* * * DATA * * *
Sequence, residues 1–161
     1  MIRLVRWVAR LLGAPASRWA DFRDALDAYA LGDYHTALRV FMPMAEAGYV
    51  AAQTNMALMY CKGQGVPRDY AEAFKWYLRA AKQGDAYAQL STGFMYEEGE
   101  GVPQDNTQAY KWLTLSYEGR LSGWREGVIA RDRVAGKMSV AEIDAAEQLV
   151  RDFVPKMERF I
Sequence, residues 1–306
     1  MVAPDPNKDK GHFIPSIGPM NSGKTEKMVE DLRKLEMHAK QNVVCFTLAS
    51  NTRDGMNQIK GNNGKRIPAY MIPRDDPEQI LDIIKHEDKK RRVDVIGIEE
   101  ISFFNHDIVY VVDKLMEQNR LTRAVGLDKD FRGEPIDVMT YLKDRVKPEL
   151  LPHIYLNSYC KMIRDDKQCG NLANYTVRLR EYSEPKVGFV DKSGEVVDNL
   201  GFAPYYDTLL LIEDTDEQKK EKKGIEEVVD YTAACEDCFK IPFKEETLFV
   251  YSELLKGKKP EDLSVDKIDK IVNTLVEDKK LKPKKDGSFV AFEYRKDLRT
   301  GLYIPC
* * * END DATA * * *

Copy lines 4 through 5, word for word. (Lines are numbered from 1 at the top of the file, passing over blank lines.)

   101  GVPQDNTQAY KWLTLSYEGR LSGWREGVIA RDRVAGKMSV AEIDAAEQLV
   151  RDFVPKMERF I